Cascara, which means “husk,” “peel” or “skin” in Spanish, is the dried skins of coffee cherries. These pulped skins are collected after the seeds (aka coffee beans) have been removed from the cherries. They are then dried in the sun before they are packaged and shipped off. These dried bags of coffee cherries are not unlike bags of tea—the main visual difference is the pieces of cherries are slightly bigger than a tea leaf and have a leathery, woody look similar to dried raisins or the shell of a nut. The neat part about this whole process is that not only does it allow for the coffee plant to be used in a creative way, but it’s also eco-friendly. Normally coffee cherries are considered a by-product of the coffee-making process and are either discarded as waste or used as compost. Now these cherries are being reused to produce a unique drink of their own. Coffee, tea or both?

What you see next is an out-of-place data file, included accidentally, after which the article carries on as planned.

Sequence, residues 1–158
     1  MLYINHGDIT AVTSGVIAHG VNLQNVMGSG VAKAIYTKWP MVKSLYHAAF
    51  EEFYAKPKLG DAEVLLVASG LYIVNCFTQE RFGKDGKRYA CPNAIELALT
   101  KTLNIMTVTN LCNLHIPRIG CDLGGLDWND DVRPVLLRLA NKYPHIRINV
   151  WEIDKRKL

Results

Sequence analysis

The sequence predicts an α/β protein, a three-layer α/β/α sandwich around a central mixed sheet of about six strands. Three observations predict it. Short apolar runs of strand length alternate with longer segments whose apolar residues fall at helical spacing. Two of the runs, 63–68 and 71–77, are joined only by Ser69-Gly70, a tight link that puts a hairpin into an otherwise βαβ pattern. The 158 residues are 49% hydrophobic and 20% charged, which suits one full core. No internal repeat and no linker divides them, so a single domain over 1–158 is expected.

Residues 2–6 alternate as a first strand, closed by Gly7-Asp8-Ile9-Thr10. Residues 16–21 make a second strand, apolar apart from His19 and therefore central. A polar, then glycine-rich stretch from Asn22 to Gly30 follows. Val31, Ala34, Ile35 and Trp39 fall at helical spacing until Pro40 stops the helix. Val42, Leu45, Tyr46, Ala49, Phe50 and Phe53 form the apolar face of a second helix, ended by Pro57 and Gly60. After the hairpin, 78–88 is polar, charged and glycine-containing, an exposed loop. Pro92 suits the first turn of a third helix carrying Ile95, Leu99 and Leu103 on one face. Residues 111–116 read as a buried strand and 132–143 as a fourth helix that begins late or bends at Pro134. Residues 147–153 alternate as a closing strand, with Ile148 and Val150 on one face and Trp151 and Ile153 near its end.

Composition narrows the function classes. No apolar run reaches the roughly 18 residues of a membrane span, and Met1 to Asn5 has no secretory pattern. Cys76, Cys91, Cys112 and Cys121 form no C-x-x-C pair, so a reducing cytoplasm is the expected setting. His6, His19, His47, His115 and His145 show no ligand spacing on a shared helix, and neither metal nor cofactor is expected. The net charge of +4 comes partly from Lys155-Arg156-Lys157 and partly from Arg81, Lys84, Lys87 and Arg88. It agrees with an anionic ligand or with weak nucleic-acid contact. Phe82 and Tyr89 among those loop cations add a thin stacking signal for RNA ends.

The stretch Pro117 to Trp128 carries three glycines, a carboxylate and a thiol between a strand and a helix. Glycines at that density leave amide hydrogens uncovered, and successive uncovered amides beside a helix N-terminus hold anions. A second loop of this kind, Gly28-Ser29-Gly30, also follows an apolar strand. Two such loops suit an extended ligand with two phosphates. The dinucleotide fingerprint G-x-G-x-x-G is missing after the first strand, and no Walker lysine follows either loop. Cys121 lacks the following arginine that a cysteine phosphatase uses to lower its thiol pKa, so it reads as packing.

Omijacha meaning "Five Flavor Tea," is a kind of Korean traditional drink made of Fruit herbs called omija. Koreans made use of the herbs as remedy ingredients as well as traditional drinks. The plants, especially the fruits, have bright red colors, sticky, and also various tastes including sweet, sour, bitter and spicy resulted from its malic acid and tartaric acid.